Opinion: Kent State fans: where are you?

Nick Shook

Nick Shook

Nick Shook is the men’s basketball reporter for the Daily Kent Stater. Contact him at [email protected] and @NickShookDKS.

The Kent State men’s basketball team was selected for a nationally televised game last Saturday at home versus Ball State. The game began at 11 a.m., which is indeed a little early for a Saturday college basketball game. The national exposure was welcomed with open arms by both Kent State and Ball State, who advertised the game on their respective websites. Kent State’s athletic department did a solid job of advertising the game. There was one problem, though.

The majority of Kent State’s fan base didn’t show up.

The official attendance was a mediocre 2,472. ESPN’s broadcast team of Adam Amin and Brooke Weisbrod were shocked by the lack of support for a contending program that is Kent State. Weisbrod even took to her Twitter account to voice her displeasure with the lack of fans at the game, tweeting “#kentstate students, where are you? 10 minutes to tip- get out of bed, grab a 5hr energy & get over here! #BallState @ #KentState on @ESPNU”

This does not look good for a mid-major program that starves for national recognition. Kent State’s last expose was a 70-60 win over Big East Conference member West Virginia. This victory gave the Flashes some early season credibility that they have been seeking for years. Then Saturday arrived, and all of that credibility vanished.

Kent State won easily, 76-55. The Flashes played well, as they have for much of the season. The basketball game that ESPN anticipated was delivered in impressive fashion, but the student turnout left plenty to be desired.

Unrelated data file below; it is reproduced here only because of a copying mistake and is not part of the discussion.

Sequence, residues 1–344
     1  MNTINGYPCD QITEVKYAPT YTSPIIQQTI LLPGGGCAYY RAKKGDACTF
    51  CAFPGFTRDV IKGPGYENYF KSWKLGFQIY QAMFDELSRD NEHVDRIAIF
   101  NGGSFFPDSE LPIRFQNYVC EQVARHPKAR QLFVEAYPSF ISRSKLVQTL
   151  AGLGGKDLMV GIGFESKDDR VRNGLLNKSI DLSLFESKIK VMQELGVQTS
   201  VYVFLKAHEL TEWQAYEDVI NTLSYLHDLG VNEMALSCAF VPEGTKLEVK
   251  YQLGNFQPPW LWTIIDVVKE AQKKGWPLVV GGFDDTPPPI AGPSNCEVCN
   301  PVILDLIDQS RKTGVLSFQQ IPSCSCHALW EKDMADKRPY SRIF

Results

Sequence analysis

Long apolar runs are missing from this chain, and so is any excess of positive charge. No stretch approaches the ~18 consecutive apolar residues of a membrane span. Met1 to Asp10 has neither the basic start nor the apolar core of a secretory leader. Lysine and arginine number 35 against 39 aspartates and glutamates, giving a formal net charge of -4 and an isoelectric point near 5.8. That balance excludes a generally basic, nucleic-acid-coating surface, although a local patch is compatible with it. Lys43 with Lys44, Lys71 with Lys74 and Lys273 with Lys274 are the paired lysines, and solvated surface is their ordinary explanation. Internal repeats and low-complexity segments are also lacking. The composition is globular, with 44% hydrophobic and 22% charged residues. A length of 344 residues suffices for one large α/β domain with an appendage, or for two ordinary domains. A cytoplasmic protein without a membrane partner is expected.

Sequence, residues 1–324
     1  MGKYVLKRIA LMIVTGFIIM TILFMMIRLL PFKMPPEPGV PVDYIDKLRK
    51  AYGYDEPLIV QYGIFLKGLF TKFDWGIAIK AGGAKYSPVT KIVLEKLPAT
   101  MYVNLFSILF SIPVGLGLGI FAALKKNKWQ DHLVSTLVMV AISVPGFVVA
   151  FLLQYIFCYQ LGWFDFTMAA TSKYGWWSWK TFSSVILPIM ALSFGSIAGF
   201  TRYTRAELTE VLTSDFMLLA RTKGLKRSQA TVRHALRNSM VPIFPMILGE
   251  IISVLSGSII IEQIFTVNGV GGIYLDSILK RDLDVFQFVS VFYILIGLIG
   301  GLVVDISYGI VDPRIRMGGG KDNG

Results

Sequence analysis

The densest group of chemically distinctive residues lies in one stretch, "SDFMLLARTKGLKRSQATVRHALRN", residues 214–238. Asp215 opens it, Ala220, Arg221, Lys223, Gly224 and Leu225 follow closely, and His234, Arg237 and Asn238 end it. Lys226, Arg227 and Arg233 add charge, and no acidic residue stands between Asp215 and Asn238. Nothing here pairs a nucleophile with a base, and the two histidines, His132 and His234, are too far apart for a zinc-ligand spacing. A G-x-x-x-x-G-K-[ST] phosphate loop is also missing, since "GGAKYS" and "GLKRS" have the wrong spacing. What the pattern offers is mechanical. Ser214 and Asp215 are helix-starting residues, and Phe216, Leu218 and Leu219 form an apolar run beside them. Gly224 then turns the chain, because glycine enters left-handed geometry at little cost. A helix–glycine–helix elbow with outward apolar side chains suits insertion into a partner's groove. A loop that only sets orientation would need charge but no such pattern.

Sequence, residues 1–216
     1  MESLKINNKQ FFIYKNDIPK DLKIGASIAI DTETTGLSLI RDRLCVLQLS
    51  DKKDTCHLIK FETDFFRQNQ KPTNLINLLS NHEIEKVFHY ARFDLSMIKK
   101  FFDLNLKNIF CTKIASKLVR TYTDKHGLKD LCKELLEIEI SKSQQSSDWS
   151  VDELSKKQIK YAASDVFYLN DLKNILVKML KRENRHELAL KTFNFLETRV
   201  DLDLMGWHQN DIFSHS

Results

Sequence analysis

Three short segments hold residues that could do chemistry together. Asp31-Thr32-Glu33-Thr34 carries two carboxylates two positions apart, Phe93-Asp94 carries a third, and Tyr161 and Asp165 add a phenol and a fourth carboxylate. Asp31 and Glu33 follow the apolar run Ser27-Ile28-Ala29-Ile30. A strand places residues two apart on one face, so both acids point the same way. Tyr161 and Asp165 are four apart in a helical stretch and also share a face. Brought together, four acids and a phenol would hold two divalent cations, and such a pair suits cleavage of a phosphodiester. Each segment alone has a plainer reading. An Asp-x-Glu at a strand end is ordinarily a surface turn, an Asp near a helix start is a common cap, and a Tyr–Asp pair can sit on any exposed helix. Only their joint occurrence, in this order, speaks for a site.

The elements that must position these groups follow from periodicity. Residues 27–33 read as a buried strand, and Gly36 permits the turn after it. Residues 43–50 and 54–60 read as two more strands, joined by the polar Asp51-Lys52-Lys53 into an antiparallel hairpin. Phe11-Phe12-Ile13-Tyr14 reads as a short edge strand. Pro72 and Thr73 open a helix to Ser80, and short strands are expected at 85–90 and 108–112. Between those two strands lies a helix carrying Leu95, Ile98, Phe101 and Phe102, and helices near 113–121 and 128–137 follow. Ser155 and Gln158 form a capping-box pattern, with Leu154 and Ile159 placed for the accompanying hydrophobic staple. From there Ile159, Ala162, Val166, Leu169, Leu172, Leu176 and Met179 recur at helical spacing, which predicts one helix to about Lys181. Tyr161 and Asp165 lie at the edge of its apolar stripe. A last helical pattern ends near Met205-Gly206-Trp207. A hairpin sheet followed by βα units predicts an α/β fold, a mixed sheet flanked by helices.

The student section showed up — well, half of it. The baseline bleachers’ middle two sections were full of loyal supporters dressed in gold shirts for the “Goldout” themed game. The outside two sections were nearly empty.

What made it even worse was the fact that with television cameras positioned all around the M.A.C. Center, plenty of empty seats were easily found. National broadcasts are hard to come by for mid-major programs like Kent State. When they are lucky enough to get a broadcast, the sports network giant that is ESPN expects fans to come out in droves.

Instead, most of Kent State’s 25,000-plus on-campus student body decided to occupy their time by staying in bed after a Friday night that was likely full of alcohol-influenced debauchery.

Listen, I’m not a hypocrite. I understand that college kids like myself like to party and have a good time. It’s part of the reason why we work our tails off during the school week. But when the school that we attend features a basketball team that annually contends for conference championships and consistently puts a solid, entertaining product on the floor, the students need to show up, plain and simple.

An early start didn’t deter Utah State’s loyal fans from showing up. Even in the midst of an average season, the Aggies’ faithful filled the stands and showed out for ESPN. The student section performed their traditional pre-game chant of “I Believe We Will Win,” which the network was glad to showcase during stoppages of play.

I can tell you this: if Kent State and Utah State ever put together nearly identical successful seasons, ESPN will choose Utah State over Kent State 10 times out of 10.